Work sample tests are hands-on tests used to measure abilities. A classic example of a work sample test is the peg board test used to measure dexterity for sewing machine operators. Just as a side note, in our work with sewing machine operators, we have found that the traditional peg board test is not a good predictor of operator performance.

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"Although work samples are difficult to develop, they are generally good predictors of job performance" ________________________________

The major advantage of a work sample test is that work samples measure very complex physical and mental abilities that cannot be easily measured using a written test. For example, Levi Strauss & Co. uses work samples to test for mechanical ability and marker maker skills. Although work samples are difficult to develop, they are generally good predictors of job performance and should be used in most testing situations. Also, job applicants feel less apprehension toward work sample tests because the tests "look" like they are measuring something impor-

tant to job performance and are not as mysterious as some written tests. Another example of a work sample test is called an assessment center. An assessment center is a series of managerial work samples used to identify and promote managerial talent. A person in an assessment center would go through excerises such as leaderless group discussions and role plays specifically designed to test the person's managerial skills in a realistic situation. Assessment centers can evaluate such managerial abilities as delegation, decisiveness and leadership. · Step 3: After the tests have been developed, the next step in a validation is the performance appraisal. Coming up with accurate ways to measure a person's performance on the job is a somewhat difficult task, particularly for managerial and supervisory jobs where a person does not directly produce a product. However, by closely examining the important attributes of a job that were discovered in the job analysis and the outcomes of those attributes, job performance can be accurately measured.

test selects a smaller percentage of people from one group than would be expected based upon the percentage of people in that group represented in the work force. The Supreme Court has ruled that a pre-employment screen may be legal if it has adverse impact. However, in the spirit of equal opportunity, if a test has adverse impact, adjustments should be made in the pass/fail

_________________________________ "If the employer does not present a professionally developed job analysis to the court to demonstrate the job relatedness of a test, the employer will have a very difficult time winning the suit." _________________________________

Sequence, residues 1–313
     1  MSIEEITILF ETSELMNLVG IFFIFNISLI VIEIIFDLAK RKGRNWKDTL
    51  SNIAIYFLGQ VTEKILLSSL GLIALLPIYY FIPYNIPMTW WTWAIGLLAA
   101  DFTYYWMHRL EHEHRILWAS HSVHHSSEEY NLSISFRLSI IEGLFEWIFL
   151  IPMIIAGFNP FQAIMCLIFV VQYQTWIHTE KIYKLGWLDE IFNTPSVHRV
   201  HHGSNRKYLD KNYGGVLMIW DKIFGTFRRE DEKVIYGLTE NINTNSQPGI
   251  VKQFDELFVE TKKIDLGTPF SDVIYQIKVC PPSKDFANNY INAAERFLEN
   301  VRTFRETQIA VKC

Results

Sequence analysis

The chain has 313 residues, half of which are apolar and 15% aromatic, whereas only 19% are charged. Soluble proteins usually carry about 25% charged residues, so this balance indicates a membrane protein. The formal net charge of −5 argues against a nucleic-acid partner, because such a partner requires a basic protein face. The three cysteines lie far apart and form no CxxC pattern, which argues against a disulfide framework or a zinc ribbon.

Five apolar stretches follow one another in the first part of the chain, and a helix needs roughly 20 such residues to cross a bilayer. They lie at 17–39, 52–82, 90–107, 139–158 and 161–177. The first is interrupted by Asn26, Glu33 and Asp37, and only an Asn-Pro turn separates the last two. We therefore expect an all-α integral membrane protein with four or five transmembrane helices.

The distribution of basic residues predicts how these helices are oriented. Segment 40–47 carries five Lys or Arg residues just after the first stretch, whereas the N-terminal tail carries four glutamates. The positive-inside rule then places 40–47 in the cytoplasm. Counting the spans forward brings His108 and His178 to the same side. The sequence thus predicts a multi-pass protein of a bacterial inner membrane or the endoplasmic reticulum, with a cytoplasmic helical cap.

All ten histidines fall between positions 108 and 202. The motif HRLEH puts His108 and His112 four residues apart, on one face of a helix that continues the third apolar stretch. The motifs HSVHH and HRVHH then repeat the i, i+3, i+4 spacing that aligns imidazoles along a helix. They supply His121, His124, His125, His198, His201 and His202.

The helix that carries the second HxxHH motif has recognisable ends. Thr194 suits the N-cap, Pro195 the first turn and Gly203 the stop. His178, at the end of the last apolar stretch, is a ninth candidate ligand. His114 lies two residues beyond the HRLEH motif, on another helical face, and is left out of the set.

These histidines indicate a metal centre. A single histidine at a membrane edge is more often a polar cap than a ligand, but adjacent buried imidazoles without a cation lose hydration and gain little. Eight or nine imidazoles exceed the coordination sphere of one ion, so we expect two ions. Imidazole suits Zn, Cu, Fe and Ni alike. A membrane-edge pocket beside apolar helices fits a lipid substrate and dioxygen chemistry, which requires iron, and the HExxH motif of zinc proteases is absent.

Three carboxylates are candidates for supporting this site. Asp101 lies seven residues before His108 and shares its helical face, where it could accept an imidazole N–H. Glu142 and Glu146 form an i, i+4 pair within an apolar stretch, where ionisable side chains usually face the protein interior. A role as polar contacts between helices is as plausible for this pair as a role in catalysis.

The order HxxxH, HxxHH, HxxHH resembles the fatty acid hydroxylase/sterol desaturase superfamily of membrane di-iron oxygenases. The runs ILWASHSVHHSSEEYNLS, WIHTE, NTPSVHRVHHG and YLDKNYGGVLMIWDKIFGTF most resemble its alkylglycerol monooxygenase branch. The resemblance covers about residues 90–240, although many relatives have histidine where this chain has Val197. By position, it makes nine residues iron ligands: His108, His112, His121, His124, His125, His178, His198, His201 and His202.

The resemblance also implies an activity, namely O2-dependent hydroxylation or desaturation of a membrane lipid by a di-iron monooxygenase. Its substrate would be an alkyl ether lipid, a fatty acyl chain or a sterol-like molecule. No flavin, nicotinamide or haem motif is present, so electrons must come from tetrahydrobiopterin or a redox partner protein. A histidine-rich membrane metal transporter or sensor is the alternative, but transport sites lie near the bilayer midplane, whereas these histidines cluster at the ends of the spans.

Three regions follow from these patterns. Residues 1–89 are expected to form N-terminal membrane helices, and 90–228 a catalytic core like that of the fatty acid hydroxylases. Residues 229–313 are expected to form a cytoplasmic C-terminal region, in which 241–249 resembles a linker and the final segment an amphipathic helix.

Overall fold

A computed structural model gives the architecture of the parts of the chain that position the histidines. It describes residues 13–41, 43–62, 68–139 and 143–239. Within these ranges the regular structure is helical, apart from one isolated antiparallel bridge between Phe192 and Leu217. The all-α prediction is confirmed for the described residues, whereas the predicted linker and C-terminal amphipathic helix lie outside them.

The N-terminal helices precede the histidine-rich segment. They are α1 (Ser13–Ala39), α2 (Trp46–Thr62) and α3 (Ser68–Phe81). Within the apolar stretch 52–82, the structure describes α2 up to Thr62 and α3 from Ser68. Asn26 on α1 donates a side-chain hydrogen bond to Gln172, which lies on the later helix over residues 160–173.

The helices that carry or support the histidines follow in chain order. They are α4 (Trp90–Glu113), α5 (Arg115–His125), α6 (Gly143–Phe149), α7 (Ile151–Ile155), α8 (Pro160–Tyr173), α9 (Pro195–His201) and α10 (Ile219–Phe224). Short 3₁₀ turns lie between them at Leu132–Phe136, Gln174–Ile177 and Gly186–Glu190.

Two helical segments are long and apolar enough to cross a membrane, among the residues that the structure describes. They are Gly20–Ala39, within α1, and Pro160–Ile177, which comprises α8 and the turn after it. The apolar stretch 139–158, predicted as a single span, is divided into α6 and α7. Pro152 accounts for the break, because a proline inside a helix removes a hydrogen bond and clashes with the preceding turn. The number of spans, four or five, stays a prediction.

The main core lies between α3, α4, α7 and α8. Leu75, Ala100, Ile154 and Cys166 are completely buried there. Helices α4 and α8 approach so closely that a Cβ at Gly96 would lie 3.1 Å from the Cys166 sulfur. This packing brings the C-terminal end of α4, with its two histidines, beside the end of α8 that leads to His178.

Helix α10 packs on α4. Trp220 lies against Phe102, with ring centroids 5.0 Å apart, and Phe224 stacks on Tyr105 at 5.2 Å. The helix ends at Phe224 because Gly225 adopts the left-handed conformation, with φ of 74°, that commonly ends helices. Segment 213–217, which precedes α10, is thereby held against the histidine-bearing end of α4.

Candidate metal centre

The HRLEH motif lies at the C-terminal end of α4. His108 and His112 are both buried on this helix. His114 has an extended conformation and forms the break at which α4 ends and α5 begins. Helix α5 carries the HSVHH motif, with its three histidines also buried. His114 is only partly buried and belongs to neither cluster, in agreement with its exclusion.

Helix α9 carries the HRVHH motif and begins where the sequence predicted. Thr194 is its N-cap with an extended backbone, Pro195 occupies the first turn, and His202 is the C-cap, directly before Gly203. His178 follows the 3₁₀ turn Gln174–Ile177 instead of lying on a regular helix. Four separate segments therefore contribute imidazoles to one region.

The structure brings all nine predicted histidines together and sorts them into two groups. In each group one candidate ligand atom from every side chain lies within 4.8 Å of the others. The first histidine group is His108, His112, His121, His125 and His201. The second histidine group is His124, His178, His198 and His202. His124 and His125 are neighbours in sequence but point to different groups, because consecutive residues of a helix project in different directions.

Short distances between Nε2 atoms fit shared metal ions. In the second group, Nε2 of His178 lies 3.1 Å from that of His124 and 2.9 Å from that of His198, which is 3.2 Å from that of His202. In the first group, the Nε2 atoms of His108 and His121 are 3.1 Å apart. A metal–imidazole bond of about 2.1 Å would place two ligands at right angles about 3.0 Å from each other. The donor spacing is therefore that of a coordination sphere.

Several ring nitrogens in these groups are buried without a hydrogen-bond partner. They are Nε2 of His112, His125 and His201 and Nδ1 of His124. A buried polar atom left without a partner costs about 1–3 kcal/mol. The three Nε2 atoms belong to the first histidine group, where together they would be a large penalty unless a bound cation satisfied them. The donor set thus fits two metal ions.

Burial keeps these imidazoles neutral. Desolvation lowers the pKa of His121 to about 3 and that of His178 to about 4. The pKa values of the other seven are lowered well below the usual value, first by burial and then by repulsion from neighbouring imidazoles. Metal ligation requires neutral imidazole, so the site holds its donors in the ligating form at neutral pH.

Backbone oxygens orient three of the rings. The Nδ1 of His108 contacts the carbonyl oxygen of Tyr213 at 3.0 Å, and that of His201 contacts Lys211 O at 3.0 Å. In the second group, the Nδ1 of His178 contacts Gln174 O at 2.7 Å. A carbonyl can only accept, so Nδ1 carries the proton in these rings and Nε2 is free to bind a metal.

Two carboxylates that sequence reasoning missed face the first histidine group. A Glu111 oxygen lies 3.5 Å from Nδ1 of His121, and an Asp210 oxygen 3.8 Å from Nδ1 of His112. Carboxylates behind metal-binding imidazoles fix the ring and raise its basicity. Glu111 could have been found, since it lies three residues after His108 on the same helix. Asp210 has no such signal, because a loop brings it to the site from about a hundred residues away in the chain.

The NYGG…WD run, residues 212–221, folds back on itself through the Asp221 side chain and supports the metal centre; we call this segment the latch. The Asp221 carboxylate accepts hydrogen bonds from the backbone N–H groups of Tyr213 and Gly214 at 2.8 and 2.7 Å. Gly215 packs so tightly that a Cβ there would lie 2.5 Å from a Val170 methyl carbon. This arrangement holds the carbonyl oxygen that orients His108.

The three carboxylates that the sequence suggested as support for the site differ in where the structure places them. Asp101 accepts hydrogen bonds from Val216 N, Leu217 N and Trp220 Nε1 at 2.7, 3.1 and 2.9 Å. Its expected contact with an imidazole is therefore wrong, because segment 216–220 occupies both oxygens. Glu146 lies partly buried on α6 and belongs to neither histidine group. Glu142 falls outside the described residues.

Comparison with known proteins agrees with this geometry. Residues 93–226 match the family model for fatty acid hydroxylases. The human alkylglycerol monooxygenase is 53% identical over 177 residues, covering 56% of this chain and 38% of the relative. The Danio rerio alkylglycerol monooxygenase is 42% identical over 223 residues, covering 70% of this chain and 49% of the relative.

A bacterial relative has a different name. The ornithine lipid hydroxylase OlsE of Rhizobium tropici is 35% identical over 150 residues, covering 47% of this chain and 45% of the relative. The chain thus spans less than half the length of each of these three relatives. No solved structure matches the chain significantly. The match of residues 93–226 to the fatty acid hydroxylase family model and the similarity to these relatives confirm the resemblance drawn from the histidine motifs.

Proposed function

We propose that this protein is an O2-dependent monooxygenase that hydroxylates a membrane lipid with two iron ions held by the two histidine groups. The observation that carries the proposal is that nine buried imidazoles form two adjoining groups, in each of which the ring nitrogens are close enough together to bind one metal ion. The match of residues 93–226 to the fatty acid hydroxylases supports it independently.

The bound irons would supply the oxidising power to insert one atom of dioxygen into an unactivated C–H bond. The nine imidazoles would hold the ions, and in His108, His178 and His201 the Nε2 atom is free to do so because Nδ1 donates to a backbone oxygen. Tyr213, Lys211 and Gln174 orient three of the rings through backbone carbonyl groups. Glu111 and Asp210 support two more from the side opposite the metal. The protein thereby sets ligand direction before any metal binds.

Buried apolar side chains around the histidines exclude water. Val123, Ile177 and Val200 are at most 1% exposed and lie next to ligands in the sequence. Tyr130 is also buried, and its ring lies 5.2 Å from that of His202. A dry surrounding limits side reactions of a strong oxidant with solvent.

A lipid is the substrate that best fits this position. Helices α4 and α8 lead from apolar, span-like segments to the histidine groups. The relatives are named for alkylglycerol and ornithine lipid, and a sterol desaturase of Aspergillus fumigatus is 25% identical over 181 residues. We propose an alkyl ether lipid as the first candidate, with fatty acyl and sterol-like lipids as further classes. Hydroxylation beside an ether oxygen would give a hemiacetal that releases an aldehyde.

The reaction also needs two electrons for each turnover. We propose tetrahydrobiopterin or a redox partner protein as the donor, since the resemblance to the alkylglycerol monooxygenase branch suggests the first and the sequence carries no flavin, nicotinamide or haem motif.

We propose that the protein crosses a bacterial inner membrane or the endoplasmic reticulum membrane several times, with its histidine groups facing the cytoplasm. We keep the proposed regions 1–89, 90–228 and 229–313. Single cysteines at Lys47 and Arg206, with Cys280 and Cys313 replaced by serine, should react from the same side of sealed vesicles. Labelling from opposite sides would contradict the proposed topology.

_________________________________ "In the spirit of equal opportunity, if a test has adverse impact, adjustments should be made in the pass/fail scores in order to maximize validity and minimize adverse impact." _________________________________

· Step 4: After performance and test data have been gathered, they undergo statistical and logical analysis to see if there is a significant relationship between the tests and on-the-job performance. The most important information gathered in this test is which tests predict job performance and will be good pre-employment screens. If a test is shown to predict performance, it is a valid test.

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LEGAL ISSUES After it is established that a test is valid, the final issue to be dealt with is whether the test has adverse impact. Adverse impact occurs when a

scores in order to maximize validity and minimize adverse impact to meet a company's equal employment goals. Perhaps the biggest concern about pre-ernployment testing is whether the process is legal. To address this concern, it is helpful to review some of the most important Supreme Court cases involving pre-employment testing. The first landmark case involving pre-employment testing was Griggs v. Duke Power Co. Griggs filed a class action suit because his group felt that Duke Power's hiring practices unfairly discriminated against blacks. Discrimination was demonstrated in court because the hiring practices of Duke Power had adverse impact against blacks. The court ruled against Duke Power because Duke Power did not demonstrate that the tests and other screens it used were job related (based on a job analysis). This case is important for three reasons. · One is that it established that validations and tests must be professionally developed. Since the Griggs decision, if the employer does not present a professionally developed job analysis to the court to demonstrate the job relatedness of a test, the employer will have a very difficult time winning the suit. · The second reason this case is important is that it established that any pre-employment screen must be job related and based on a job analysis.